Lights and water to celebrate the city's sesquicentennial

Robert Houk • Apr 19, 2018 at 12:00 AM

Members of Johnson City’s Sesquicentennial Commission said Wednesday they believe building a water fountain with dancing lights and music in King Commons may be a signature way to celebrate the city’s 150th birthday next year.

City Public Works Director Phil Pindzola told the group he agreed, and said a fountain with a light show and music would likely attract people from across the region.

“They would come from everywhere,” he said. “It would fill downtown.”

Commission members also said they want to kick off the yearlong sesquicentennial celebration with a big bash on New Year’s Eve, possibly held at either King Commons or Founders Park, and wrap up with an event unveiling their signature project at King Commons on Dec. 1, 2019, which is the date the city was officially chartered in 1869. In between, the Sesquicentennial Commission is looking to hold smaller events in connection with city festivals, such as Blue Plum, Little Chicago and Umoja.

Sesquicentennial Commissioner Donna Noland told her colleagues a fountain and light show on the weekends have become very popular in other cities.

“There is a financial return on investing in fountains and lights,” she said. “They also bring people together.”

Noland also suggested such as project could include a synthetic ice skating rink, like one in Anderson, S.C., which she said has become a crowd pleaser.

“We can make this as expensive as we want, or as simple as we want,” she said.

Sesquicentennial Commissioner Marci Walker said while she liked the idea of eventually adding an ice rink to the space, she said the signature project must be something the group could raise money for and build before Dec. 1, 2019.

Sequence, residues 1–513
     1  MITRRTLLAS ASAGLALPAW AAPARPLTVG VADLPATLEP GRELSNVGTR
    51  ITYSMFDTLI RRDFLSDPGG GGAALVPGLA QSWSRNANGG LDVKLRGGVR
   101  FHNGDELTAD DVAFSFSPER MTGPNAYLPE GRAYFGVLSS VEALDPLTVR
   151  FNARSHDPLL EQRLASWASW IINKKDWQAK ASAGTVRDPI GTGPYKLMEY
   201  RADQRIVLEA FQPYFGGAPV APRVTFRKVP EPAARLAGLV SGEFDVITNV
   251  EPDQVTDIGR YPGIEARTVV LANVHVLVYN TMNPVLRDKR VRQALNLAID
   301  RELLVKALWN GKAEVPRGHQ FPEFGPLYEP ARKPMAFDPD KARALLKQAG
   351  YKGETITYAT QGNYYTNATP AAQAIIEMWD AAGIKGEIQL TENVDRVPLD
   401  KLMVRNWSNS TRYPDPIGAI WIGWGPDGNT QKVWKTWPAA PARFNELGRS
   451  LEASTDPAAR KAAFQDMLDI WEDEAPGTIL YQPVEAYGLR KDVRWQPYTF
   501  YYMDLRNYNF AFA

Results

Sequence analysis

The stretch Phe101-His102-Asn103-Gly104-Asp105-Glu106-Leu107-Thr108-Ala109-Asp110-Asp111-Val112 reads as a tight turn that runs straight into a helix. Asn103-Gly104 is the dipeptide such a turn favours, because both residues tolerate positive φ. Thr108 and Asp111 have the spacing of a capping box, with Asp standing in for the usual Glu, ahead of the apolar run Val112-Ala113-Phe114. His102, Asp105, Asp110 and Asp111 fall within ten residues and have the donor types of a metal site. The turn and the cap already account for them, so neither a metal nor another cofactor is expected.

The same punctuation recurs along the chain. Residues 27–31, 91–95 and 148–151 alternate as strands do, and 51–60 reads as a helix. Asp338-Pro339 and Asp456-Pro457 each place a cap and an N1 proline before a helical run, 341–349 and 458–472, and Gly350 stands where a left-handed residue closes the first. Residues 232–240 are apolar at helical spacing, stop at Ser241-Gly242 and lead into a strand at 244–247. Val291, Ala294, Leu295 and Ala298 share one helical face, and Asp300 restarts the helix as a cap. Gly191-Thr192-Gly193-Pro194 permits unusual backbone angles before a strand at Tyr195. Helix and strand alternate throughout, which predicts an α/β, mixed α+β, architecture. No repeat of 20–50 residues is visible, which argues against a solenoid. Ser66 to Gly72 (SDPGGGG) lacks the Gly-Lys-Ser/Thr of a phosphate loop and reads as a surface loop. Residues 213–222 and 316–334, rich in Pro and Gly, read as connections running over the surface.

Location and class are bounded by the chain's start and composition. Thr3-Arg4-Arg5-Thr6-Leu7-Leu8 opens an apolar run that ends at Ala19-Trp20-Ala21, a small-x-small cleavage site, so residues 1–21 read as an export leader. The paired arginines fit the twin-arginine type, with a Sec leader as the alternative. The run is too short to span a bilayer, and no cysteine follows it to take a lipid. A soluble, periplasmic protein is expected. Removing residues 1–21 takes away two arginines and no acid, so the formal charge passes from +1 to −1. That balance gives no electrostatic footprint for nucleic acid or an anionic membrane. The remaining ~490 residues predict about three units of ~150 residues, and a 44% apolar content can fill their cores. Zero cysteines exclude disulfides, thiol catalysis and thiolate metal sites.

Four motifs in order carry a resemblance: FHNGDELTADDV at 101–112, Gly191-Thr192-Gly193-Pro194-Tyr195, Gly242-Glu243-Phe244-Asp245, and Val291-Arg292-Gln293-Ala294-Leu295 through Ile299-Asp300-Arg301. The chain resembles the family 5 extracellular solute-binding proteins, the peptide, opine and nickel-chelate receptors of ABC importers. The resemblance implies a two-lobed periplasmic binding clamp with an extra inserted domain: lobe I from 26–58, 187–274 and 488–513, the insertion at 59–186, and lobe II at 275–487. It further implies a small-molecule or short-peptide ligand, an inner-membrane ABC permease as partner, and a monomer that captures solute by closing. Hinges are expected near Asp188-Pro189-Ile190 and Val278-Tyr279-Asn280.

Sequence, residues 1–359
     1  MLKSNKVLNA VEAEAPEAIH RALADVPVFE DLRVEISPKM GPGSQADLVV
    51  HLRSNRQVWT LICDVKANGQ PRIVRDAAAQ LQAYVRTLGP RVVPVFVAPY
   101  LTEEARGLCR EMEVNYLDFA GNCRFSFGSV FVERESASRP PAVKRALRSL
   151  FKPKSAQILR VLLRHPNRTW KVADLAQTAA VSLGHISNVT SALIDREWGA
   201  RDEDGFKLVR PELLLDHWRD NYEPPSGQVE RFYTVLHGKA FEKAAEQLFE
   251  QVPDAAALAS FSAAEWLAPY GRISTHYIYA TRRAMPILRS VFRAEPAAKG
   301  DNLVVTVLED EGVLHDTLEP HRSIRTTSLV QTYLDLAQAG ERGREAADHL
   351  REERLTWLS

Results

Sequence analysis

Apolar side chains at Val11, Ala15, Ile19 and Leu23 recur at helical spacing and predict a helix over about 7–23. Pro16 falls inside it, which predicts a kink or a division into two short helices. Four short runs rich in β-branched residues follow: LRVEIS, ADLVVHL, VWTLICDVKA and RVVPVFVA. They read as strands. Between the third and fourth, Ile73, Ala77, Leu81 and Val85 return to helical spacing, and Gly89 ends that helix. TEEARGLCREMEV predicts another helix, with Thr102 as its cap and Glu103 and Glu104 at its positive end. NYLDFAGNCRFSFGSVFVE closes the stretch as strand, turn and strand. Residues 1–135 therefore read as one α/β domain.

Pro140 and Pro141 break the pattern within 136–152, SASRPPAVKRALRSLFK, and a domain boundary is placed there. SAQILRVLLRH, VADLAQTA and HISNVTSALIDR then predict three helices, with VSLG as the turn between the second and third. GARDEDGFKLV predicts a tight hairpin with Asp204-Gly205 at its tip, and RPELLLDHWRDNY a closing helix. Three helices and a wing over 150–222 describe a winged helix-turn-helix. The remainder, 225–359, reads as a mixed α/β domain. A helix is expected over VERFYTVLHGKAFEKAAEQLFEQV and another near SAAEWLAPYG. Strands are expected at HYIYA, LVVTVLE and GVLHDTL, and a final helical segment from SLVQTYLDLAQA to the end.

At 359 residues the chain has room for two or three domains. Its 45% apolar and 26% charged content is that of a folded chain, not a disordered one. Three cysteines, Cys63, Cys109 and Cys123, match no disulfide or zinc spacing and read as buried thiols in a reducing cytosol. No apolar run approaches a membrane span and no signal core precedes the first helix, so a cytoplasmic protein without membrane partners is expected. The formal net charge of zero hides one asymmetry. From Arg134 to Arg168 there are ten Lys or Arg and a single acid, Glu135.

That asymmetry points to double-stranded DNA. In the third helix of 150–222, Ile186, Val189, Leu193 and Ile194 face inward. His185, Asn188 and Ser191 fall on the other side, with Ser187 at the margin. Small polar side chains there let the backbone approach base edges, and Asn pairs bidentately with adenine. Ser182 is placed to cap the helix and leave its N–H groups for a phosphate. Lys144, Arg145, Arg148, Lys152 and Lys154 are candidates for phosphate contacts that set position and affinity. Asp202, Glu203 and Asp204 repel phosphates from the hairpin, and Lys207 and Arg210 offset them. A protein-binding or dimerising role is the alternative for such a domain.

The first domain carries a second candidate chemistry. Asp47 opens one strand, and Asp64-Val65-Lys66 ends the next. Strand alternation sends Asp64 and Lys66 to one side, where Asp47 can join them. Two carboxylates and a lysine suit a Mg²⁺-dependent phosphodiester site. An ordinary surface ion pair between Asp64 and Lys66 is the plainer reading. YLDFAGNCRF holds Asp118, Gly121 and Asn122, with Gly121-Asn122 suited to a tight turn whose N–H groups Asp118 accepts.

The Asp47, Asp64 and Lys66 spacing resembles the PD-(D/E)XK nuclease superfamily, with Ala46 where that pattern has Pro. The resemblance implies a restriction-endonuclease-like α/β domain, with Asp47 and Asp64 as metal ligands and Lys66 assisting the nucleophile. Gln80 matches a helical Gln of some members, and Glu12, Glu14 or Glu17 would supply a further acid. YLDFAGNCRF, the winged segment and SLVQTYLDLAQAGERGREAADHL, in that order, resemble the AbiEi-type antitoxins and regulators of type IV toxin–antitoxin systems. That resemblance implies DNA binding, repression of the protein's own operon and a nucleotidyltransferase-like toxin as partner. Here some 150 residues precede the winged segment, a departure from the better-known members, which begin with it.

She said other elements, such as the ice rink and a natural playground, could be added later.

“Whatever we do, we have to have a plan,” Walker said. “It’s like the stormwater work downtown. We didn’t eat the whole elephant in just one bite.”

Walker, who served on the City Commission when the city’s stormwater remediation plan was launched, said that work allowed the city to develop Founders Park and King Commons, as well as make improvements to downtown in phases.

She said a fountain and lights project would “help take the downtown to the next step.”

Pindzola said the project could cost as much as $500,000 to complete. Walker said the Sesquicentennial Commission could set a goal of raising half that amount if the City Commission would commit to funding the remainder.

Walker told her colleagues she is confident they would be successful in meeting that goal “once we have a firm vision.”